Why do I do what I do? Why do you do what you do? And we get on top of these mountains and looking at our valley? And it just helps them put things in perspective. And when it comes to knowing Christ, it is essential for the Christian life as it relates to worship.
And in fact, let me just say this this morning. I don’t want any labels. No, religious identity, let’s just say were just people this morning. No religious whatever background, just you, I’m just talking to you. And just think about the centrality of Jesus. When you consider the essential nature of knowing Christ and in comparison to scriptures, let me just read this verse. It says in Matthew 7:22, this is Jesus talking. He’s talking about many. Many will say. Many will say to me on that day, Lord, Lord, did we not prophesy in your name and in your name cast out demons and in your name perform many miracles. And then Jesus says, I will declare to them, not not me, but Jesus will declare to them, I never knew you. Depart from me, you who practice lawlessness.
So Jesus is saying, many will say this. And Jesus is saying, depart from me, from you who practice lawlessness. So notice in Chapter 7:22, the type of person that’s being described here from a cultural perspective, we would say this individual is good. He’s good.
When you get to Jesus’ description of the very same individual that would be labeled as good, inverse 23. The way Jesus chooses to label him is a person of lawlessness. Now, when you look at the lifestyle that this individual lived, we wouldn’t say this individual is one of rebellion. In fact, he’s under the label of good as far as culture is concerned.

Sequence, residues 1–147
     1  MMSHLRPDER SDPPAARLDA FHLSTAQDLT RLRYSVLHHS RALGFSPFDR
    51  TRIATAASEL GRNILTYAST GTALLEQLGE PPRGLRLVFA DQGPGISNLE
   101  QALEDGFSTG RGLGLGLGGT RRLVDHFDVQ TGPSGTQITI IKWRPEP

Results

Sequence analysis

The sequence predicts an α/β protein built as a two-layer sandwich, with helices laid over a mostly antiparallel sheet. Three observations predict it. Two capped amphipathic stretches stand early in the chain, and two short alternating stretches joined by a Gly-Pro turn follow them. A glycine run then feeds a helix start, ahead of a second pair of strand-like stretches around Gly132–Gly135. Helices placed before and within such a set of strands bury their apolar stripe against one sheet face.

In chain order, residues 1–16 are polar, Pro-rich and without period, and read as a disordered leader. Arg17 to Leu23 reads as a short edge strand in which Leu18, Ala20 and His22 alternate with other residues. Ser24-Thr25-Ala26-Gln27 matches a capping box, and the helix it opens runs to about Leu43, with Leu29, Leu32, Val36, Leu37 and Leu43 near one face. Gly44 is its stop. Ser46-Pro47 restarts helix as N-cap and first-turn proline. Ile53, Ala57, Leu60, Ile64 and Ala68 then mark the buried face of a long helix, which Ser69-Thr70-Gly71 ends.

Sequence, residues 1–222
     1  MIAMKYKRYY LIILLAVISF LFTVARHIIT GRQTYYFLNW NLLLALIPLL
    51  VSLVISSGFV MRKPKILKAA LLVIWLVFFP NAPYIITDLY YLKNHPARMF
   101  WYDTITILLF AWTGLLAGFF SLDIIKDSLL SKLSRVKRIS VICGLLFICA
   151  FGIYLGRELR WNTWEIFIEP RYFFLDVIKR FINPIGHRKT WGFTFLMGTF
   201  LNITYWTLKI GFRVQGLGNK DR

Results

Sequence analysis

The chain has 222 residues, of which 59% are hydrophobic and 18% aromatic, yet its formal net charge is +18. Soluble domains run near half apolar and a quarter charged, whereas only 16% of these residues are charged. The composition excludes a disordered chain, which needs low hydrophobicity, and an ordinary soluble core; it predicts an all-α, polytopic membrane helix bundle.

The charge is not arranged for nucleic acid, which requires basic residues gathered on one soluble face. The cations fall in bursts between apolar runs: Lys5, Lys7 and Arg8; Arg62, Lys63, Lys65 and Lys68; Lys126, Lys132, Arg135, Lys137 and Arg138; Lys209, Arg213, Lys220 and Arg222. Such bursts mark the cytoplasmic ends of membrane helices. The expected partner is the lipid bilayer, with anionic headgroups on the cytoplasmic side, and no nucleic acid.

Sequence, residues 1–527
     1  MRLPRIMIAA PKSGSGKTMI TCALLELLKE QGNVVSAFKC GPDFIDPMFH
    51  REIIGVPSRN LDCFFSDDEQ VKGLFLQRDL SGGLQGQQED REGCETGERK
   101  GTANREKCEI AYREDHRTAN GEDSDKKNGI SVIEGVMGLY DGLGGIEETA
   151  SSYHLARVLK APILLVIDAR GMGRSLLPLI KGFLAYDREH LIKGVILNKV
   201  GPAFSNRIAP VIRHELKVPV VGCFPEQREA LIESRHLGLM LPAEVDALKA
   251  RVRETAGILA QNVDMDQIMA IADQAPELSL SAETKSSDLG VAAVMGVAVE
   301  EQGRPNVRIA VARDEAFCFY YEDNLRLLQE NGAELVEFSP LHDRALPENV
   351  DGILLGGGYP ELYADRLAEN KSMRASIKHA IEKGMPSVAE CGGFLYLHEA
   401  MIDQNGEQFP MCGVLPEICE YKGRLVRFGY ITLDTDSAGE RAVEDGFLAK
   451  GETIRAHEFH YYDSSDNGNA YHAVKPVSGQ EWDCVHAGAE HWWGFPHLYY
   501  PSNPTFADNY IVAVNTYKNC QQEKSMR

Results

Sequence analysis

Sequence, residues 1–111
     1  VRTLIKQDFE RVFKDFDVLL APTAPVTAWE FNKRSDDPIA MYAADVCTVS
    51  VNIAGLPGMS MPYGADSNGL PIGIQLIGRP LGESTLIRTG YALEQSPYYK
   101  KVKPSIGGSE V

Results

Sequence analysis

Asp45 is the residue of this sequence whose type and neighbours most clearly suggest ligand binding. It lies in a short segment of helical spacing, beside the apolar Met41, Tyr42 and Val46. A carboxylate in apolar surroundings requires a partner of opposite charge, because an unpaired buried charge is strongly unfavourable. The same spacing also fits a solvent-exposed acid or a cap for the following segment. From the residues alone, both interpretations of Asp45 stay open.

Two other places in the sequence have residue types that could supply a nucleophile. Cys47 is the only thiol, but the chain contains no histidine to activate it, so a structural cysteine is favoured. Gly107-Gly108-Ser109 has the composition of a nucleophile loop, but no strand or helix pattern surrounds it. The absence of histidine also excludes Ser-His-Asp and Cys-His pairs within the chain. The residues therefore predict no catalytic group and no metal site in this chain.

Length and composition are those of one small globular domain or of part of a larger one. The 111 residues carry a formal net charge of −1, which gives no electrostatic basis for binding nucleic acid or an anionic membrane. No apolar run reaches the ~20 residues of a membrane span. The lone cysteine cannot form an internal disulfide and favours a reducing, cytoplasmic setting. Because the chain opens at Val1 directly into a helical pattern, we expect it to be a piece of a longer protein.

Why is he lawless? Jesus tells us, I never knew you. Relationship, the reason for which we were created. That’s why I say, when you consider this for just a moment, this passage of scripture, putting a label on yourself for just a moment. Some of us might wear the hat of Christian. But let me just say, without trying to be rude, but just being honest. Who cares? Lots of people wear that label. Lots of people claim to be Christian. Lots of people in fact have a belief in a Jesus. But can I tell you, it doesn’t make it Jesus. Jesus is saying to these individuals, I never knew you. So it’s not the label that makes your identity. It’s where you are in Christ.
So the essential question becomes who is Jesus? Not whether or not you’re a Christian. You can wear the Christian label all day long and still not pursue Jesus. And Jesus is saying that’s lawlessness. Because Jesus came to give his life that we may know him. And so regardless of where you are in life, even if someone comes through our door on Sunday morning and says, I’m a Christian, that’s not where the discussion ends. In fact, I wouldn’t even begin it there. Who is Jesus?
In 2 Corinthians 11 in fact, the Apostle Paul said it like this, “For if one comes and preaches another Jesus whom we have not preached, or you receive a different spirit with whom you have not received, or a different gospel which you have not accepted, you bear this beautifully.” So he’s saying to the church, you’re standing up against this, because different people are coming in saying this is the Gospel and it’s not the Gospel. Saying this is Jesus and it’s not Jesus. In fact, do you realize every major religion in the world has a teaching about Jesus? Islam teaches about Jesus. They call him a prophet. They’ve got no problem with that. That doesn’t make it Jesus.